The rate of garbage collection for all these machines was doing pretty well. Until this incident starts. We spin up one new machine, and it gets started with garbage collection. Another machine gets up and is going with this garbage collection. But what’s really interesting is we now see that this one machine here, the one we were worried about, the one that’s been overwhelmed also starts spinning up really heavily. And it’s going nonstop on the garbage collection. Which probably explains, let’s see, that was O2OO, that explains why is its CPU utilization so high. And we can now, actually if we pop off the log scale and come back to linear, we can also see that all these machines are running pretty close to the max amount of memory they’ve got available. They seem to be configured for about six gigabytes. So one choice could also be giving some of our machines a little more headroom.
Let’s step back now and take a look at what we’ve done. We started with an SLO alert. And we used that to find out that there was one customer who was being affected. We used the trace view to go examine what was happening with them and what had gone wrong. And looked into the underlying events to go find out what the characteristics of the traffic were. That showed us that it was one particular Kafka partition that was acting badly. And the metrics verified that it was Kafka, which machine it was, and even began to give us some cues as to the fact that the load balancer wasn’t acting correctly.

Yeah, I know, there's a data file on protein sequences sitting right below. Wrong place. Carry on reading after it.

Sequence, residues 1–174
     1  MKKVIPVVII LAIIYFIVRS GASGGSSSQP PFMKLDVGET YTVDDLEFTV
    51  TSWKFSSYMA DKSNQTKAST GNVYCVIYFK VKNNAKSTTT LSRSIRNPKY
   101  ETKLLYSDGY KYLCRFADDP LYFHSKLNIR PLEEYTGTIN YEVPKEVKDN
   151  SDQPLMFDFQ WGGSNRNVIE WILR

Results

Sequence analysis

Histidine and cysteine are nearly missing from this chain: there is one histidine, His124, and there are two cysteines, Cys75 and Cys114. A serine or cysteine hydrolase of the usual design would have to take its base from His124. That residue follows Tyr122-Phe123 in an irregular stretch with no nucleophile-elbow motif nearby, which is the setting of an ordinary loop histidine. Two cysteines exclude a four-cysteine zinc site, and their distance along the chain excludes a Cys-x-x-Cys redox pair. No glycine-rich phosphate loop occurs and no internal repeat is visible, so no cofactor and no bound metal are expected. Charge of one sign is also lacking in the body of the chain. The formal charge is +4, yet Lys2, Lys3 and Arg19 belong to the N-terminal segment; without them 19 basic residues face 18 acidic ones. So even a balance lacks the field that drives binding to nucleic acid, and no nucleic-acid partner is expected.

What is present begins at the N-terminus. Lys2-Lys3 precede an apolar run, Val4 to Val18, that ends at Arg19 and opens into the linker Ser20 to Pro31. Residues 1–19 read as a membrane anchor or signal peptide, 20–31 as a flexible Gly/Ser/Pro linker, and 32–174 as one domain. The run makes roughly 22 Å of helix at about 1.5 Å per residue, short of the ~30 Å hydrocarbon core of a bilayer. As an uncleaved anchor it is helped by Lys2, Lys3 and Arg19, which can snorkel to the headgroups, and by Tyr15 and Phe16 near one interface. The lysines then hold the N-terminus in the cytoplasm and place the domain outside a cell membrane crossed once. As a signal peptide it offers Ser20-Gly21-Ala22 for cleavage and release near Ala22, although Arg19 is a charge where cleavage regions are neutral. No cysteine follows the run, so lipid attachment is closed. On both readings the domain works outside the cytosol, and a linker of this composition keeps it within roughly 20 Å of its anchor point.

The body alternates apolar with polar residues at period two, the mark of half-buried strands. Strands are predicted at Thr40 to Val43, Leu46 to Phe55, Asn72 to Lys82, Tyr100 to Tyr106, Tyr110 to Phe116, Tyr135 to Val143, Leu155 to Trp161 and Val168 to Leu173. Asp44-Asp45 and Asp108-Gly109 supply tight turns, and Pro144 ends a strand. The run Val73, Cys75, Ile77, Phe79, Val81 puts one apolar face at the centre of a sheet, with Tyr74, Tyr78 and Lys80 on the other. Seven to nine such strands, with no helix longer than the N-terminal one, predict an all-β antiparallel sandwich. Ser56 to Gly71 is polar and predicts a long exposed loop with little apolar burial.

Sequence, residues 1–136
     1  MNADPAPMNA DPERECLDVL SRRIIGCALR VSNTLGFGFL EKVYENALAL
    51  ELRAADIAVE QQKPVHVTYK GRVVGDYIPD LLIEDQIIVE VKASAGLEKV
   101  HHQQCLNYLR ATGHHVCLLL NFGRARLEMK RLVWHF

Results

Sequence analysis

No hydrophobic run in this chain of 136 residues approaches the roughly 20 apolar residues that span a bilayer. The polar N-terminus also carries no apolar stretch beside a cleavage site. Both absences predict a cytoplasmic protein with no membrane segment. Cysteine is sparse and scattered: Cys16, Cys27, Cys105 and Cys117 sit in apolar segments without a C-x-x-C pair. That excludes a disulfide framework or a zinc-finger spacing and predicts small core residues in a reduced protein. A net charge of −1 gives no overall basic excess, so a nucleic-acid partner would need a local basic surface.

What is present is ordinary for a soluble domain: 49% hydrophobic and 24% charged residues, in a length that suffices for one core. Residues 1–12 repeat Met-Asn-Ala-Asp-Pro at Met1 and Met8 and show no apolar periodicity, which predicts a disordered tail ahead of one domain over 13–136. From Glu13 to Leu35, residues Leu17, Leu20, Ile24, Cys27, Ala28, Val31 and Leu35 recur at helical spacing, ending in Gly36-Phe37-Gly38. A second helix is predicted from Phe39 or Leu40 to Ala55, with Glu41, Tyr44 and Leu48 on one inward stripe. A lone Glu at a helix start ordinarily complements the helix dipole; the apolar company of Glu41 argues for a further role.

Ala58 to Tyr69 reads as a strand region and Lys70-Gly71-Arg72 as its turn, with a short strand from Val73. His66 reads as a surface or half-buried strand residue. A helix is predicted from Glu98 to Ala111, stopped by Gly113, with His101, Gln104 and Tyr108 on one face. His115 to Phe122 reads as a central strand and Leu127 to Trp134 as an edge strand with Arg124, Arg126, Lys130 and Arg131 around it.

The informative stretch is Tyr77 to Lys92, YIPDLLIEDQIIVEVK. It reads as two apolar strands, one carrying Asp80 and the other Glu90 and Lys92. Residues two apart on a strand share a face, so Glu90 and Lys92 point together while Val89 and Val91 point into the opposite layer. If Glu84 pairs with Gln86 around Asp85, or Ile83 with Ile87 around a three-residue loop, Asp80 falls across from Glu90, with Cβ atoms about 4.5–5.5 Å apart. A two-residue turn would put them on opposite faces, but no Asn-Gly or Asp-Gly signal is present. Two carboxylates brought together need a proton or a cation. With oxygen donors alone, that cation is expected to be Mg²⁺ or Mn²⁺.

It turns out it wasn’t that user’s fault. They were just unlucky. They had been allocated to a machine that was acting poorly. And we’d made some mistakes with our configuration. Honeycomb’s managed to learn a lot from this event, and I hope that you’ve had a chance to learn to something about some of these new features. Because we just went through, well, we started talking about OpenTelemetry ingest. We saw the concurrency and the rate operator. We filtered some markers. We had a chance to auto query on zoom. We did a time over time comparison. I showed you that you could have been sharing spans and traces by knowing their URLs. And we got a chance to see the error state traces. I would like to thank you so much for your time and attention to that. And I would particularly like to thank Liz Fong-Jones for helping me reconstruct this story and, of course, my empathy and thanks to the ops team that actually had to handle that incident as user data was in peril. Thank y’all so much.